Back then, there was no internet to search or Google, to discover up to date facts about the artists you liked. The mystery was allowed to remain intact. I would have to wait for the occasional article in underground music rags to find out about new releases or, as many discoveries were made, follow the liner notes from album to album and artist to artist and the chain of associations that exist. I was surprised how few people seemed to know about this guy though, even people i met that worked in the music business would say, "How have I not heard this?" I wasn't obsessed with the man, hell, maybe I was, but every young songwriter has their Dylan. Mine just wasn't Dylan. In my own writing, I tried to avoid imitation, but influence was inevitable. I followed each release and every one was like a gift and an education. There was an urgency in them, a vitality and they were ever evolving in unstrained strides. You could tell they were being made first and foremost for himself and every other intention trailed behind that.
We all have those things we discover under the radar that feel exclusively our own. A film, a novel, an artist or an album that we feel protective of. We want to share it with the world but we also want to keep it under out hat. But I like to think that I've done my little bit to spread Joe's music around to friends and strangers over the last 20 years. (Not that he needs my help.)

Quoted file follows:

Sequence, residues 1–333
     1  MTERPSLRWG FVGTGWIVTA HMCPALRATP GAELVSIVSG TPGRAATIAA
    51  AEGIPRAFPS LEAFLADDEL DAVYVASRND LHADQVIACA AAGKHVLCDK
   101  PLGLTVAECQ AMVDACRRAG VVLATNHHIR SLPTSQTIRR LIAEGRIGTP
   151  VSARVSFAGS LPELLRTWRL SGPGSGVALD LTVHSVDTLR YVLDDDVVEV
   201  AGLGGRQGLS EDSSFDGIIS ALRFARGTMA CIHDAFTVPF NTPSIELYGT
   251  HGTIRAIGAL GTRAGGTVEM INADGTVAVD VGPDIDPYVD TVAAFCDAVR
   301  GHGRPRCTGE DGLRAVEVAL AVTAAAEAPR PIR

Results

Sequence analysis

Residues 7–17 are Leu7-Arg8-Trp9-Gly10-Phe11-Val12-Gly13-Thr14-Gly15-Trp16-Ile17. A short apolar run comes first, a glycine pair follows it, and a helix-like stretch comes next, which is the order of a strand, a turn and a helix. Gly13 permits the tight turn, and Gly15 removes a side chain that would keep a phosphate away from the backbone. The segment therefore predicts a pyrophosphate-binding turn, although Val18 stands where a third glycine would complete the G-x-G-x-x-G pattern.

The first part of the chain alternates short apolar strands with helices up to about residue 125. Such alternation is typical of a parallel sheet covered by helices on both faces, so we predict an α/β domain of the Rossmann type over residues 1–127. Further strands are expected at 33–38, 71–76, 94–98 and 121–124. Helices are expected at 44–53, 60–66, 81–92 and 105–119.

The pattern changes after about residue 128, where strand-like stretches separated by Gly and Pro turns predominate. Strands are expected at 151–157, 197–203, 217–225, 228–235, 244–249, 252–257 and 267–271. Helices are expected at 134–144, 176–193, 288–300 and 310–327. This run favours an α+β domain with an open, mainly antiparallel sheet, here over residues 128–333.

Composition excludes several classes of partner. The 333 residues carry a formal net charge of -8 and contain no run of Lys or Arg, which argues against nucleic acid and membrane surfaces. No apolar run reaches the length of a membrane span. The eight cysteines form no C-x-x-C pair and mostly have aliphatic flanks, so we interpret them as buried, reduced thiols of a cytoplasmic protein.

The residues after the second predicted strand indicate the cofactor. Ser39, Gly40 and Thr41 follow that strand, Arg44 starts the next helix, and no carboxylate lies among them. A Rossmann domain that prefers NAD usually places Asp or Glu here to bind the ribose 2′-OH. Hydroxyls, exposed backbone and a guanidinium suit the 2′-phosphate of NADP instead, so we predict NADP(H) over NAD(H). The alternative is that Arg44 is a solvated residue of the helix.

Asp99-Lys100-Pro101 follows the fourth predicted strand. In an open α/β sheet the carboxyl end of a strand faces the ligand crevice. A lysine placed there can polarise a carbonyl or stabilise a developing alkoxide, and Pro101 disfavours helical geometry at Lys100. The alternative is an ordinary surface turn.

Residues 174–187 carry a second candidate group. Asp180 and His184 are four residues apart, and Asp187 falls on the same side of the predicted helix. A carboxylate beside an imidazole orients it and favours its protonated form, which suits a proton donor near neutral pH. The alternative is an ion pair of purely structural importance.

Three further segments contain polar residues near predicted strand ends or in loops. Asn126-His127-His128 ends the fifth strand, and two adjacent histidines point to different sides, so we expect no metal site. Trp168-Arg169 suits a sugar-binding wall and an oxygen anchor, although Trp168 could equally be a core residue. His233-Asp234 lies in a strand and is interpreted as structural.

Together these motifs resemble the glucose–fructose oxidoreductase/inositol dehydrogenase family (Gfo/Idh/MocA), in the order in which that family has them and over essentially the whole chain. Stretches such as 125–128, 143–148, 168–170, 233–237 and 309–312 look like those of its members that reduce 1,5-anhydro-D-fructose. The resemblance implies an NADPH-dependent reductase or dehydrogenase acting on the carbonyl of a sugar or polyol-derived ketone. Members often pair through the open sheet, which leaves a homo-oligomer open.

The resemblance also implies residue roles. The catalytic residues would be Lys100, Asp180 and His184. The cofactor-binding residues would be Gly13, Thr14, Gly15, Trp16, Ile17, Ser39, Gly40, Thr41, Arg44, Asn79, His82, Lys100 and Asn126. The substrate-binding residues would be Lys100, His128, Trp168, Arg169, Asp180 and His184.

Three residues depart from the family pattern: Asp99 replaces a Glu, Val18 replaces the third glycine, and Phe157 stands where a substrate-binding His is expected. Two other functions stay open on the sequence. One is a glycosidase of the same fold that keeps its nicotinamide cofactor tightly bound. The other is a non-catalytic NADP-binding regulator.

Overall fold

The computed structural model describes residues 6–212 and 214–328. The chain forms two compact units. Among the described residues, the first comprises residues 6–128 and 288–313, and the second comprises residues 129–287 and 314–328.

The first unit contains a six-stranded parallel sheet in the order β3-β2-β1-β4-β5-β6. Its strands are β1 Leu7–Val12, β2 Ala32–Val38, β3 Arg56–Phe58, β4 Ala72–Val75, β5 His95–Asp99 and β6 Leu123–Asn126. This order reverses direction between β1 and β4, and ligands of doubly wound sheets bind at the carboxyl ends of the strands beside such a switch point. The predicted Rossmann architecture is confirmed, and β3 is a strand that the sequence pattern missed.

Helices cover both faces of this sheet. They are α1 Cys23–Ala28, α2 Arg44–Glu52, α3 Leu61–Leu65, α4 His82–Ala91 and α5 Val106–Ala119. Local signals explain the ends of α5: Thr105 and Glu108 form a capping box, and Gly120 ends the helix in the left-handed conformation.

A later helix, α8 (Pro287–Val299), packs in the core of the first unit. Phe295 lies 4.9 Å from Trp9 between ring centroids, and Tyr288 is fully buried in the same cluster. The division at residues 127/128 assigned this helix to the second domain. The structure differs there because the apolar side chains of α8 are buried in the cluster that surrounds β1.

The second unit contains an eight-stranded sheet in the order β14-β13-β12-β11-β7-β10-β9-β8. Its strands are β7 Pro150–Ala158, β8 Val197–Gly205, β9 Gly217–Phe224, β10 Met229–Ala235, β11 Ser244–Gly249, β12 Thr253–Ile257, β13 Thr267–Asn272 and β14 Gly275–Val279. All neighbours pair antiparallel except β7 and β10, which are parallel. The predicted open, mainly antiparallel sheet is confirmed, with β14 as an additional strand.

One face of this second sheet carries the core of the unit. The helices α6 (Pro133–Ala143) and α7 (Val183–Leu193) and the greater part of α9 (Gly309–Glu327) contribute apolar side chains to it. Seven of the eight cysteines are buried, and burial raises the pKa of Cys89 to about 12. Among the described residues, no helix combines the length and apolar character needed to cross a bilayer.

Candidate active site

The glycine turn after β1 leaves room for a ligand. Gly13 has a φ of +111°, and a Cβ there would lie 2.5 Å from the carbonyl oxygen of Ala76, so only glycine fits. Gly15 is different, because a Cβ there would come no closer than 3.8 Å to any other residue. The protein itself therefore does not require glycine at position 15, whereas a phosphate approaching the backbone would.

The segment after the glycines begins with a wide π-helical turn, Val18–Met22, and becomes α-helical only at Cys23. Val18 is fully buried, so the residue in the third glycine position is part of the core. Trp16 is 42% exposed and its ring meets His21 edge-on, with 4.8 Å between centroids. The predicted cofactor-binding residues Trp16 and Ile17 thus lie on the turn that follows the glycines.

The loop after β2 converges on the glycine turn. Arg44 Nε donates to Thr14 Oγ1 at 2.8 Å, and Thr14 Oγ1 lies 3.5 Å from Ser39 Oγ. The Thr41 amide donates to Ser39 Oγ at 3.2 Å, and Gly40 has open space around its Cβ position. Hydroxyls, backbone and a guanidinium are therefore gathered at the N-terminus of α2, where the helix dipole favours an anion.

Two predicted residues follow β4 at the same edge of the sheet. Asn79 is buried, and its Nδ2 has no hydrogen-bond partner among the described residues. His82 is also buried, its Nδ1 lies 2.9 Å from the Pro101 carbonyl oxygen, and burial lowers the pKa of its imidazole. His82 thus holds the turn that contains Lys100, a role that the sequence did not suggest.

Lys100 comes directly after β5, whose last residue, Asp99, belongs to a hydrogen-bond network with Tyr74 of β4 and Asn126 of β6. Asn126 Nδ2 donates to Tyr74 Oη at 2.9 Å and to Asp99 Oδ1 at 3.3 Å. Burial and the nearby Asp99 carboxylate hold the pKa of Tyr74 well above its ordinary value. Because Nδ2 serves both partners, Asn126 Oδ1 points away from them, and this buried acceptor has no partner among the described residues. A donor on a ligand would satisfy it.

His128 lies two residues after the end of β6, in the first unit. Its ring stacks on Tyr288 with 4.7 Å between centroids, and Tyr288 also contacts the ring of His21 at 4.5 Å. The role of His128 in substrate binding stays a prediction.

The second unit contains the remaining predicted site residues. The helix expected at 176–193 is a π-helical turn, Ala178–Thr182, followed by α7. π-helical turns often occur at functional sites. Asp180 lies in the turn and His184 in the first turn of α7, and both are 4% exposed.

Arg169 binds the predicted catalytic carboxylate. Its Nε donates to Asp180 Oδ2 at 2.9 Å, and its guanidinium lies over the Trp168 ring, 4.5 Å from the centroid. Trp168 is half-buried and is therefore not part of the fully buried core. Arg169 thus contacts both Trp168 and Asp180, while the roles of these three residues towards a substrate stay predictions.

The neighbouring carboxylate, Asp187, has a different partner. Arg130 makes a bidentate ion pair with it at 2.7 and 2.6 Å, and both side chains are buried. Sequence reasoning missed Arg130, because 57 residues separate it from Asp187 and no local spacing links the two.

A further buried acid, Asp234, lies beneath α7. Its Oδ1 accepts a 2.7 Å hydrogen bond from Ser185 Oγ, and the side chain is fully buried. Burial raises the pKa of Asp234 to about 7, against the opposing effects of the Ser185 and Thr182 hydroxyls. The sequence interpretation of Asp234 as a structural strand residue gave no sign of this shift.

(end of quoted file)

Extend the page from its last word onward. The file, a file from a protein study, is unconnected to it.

I can't say that "Shuffletown" is still my favorite of the albums. There have been too many great ones to pick just one. "Scar", "Civilians" , "Short Man's Room" and more. But now as I sit here, many miles and years later, listening to the new album, "Blood From Stars", i can't help but smell the coffee in the German bakery, hear the parrot on the bird ladies shoulder and see the water slowly dripping from the insurance mans window unit. Appreciative of the long journey now behind and the one that lies ahead.